Theory:

     "But I’m afraid to leave you, boy. Suppose you got lost or got bitten by the snake, too?”
 
     “I’ll take care. It might take me a long time to find the fawn, if he’s wandered. Leave me off right here.”
 
     “All right, but you take it easy now. You know north here, and east?”
 
     “There, and there. That tall pine makes a bearing.”
 
     “So long.”
 
     “So long, Mill-wheel. I’m obliged.”
 
     He waited for the sound of the hooves to end, then cut to the right. The scrub was still. Only his own crackling of twigs sounded across the silence. He wondered for an instant if he had mistaken his direction.
Explanation:
 
Mill-wheel was not yet ready to leave Jody alone, despite Jody's explanations. He was concerned about Jody's safety, fearing that he might get lost in the forest or be bitten by a snake. Jody told Mill-wheel that he would take care of himself, although locating the fawn, if it was wandering further, would take some time. As a result, he asked Mill-wheel to leave him in that location, claiming that he could manage his search on his own.
 
Mill-wheel agreed with Jody and advised him to take it easy, knowing that Jody would be upset if the fawn was not found. He then inquired about Jody's understanding of the north and east. Jody explained it to him by pointing out the directions he was familiar with, and a tall tree nearby acted as a compass to help him identify the directions. Mill-wheel and Jody then said their goodbyes. “So long” is a farewell phrase in this context. After that, Mill-wheel moved away from Jody.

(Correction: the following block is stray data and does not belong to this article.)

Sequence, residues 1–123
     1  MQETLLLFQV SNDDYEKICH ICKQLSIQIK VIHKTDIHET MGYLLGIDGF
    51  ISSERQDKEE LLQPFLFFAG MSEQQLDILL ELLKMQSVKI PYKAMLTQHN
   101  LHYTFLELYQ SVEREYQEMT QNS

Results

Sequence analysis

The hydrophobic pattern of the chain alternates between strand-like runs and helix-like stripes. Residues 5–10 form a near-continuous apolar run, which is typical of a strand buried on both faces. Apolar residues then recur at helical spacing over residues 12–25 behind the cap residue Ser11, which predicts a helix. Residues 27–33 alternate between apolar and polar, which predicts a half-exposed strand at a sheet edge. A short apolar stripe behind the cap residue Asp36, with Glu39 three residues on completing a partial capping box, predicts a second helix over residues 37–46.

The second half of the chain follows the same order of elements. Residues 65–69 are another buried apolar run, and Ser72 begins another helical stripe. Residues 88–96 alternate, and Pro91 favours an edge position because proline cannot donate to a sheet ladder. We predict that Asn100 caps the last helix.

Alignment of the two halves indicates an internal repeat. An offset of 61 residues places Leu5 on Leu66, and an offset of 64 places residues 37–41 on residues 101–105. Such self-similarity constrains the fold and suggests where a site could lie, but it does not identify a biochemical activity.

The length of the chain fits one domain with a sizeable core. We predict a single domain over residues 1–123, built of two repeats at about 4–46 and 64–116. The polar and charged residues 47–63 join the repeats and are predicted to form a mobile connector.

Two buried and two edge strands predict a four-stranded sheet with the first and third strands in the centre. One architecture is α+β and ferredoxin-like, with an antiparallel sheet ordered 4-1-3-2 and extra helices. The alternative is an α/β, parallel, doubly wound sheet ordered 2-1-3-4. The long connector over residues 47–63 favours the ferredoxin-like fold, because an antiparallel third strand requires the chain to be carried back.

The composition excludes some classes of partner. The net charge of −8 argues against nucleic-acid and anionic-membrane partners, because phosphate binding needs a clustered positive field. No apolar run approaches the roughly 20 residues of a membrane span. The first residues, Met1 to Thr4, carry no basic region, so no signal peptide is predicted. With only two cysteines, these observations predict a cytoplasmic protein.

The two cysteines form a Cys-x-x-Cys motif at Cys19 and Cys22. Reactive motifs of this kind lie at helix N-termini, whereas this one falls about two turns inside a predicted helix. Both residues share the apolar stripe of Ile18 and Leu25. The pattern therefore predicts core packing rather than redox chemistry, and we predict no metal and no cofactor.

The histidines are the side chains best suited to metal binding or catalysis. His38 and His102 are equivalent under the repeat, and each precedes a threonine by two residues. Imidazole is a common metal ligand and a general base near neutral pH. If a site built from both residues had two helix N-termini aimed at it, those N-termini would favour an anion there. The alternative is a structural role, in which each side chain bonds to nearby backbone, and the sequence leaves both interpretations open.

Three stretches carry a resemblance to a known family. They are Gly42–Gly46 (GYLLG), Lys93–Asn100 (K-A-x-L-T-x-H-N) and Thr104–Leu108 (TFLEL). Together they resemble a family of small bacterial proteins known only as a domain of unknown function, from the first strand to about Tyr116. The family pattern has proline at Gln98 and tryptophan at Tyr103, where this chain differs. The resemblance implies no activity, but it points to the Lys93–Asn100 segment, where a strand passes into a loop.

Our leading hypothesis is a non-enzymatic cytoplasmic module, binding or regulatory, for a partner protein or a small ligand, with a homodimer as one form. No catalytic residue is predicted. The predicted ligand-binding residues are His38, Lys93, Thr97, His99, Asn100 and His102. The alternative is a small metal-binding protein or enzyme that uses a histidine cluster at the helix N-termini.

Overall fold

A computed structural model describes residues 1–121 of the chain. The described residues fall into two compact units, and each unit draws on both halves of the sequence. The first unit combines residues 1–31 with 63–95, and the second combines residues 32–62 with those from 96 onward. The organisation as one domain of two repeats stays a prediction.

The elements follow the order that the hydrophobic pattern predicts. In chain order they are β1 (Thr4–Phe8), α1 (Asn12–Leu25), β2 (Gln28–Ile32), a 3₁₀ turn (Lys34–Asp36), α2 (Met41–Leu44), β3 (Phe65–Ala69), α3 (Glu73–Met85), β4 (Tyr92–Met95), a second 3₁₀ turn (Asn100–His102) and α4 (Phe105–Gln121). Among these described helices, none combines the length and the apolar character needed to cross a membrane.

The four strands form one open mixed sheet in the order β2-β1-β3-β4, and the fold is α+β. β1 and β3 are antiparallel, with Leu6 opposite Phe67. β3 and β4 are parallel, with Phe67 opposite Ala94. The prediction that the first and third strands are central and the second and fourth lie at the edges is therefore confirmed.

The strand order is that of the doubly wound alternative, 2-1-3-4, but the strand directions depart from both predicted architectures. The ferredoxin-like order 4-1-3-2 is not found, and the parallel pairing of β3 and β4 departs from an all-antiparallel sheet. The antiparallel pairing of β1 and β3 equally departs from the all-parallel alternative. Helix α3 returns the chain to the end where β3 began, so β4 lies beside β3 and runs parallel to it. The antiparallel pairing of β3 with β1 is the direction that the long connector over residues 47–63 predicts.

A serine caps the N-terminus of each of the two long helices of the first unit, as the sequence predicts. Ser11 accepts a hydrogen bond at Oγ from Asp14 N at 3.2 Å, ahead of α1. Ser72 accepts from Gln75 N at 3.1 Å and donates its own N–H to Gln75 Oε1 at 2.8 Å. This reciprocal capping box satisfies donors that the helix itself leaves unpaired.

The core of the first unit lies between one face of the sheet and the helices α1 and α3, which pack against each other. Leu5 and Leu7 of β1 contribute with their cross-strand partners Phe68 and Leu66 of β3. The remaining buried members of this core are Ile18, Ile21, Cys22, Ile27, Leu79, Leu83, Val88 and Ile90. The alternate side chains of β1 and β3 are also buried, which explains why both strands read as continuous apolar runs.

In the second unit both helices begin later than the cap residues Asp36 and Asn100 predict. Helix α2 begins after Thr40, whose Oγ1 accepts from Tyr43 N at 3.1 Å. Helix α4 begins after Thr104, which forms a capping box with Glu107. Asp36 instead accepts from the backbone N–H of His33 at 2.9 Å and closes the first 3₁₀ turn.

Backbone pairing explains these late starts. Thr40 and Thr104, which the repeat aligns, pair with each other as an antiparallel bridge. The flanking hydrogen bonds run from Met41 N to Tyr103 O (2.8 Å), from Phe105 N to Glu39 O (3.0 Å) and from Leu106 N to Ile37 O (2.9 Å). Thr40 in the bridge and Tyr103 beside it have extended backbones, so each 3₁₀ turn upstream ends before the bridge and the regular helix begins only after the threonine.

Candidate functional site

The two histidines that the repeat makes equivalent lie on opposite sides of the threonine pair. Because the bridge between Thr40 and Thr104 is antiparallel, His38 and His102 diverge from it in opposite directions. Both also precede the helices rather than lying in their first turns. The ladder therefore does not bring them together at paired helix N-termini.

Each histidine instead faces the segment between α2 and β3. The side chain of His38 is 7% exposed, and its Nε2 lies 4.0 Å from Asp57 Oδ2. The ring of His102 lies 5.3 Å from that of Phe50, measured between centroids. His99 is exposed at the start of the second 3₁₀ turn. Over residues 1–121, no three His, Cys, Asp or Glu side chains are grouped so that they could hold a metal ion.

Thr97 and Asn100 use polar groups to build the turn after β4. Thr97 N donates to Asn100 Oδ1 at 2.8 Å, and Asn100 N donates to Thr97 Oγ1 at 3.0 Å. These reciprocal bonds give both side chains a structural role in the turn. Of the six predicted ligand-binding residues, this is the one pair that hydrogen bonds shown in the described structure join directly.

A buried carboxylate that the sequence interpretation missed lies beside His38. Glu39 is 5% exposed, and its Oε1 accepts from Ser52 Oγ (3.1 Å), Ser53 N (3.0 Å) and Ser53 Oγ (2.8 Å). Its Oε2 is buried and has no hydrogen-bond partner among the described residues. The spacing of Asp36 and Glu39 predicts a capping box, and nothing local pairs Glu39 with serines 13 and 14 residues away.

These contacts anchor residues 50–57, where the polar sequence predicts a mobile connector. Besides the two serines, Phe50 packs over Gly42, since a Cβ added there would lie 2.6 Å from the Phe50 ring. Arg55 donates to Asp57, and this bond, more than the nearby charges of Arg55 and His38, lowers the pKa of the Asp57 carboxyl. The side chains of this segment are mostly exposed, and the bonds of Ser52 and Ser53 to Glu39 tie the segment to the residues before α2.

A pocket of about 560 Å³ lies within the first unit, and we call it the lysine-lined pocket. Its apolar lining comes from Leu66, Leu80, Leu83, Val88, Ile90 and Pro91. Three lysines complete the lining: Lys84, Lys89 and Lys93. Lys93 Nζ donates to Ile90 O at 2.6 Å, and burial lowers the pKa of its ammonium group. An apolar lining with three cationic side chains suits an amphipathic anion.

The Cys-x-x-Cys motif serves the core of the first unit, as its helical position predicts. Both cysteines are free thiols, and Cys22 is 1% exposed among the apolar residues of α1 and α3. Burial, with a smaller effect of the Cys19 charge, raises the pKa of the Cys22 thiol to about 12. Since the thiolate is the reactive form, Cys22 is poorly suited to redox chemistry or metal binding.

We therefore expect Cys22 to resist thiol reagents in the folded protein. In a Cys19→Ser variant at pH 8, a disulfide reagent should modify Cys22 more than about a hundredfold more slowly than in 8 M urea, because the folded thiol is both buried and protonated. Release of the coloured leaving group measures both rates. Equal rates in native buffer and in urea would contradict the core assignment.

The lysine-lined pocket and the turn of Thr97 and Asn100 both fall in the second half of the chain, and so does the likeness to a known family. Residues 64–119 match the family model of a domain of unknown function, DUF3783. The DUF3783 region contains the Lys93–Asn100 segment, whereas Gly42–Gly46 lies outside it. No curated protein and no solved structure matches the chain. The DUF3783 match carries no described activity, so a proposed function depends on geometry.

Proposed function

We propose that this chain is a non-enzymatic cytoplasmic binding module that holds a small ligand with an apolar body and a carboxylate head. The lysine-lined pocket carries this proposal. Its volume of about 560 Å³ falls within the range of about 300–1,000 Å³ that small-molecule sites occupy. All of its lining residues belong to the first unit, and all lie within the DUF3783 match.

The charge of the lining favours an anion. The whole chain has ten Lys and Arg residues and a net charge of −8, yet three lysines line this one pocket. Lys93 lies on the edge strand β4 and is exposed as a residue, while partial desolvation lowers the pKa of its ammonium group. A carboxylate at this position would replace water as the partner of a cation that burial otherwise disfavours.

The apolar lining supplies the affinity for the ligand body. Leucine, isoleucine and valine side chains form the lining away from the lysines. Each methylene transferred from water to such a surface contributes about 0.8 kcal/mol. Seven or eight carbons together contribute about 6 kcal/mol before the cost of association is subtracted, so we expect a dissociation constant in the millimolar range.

Before continuing his search in the right direction, Jody waited for the horse's foot sound to go away. The scrub was motionless and he searched for the fawn for so long. The silence was broken only by the Jody's foot sound of a few twigs. For a short moment, Jody wondered if he had lost his direction.
 
Meaning of difficult words:
 
S.No
Words
Meaning
1.
Leave me offTo leave someone at a particular destination
2.
BearingA direction that is measured from a specific point
3.
HoofFoot of a horse
4.
TwigA small thin branch of a tree or a bush
Reference:
National Council of Educational Research and Training (2008). Honeydew. This is Jody's Fawn - Marjorie Kinnan Rawlings (pp. 86-93). Published at the Publication Division by the Secretary, National Council of Educational Research and Training, Sri Aurobindo Marg, New Delhi.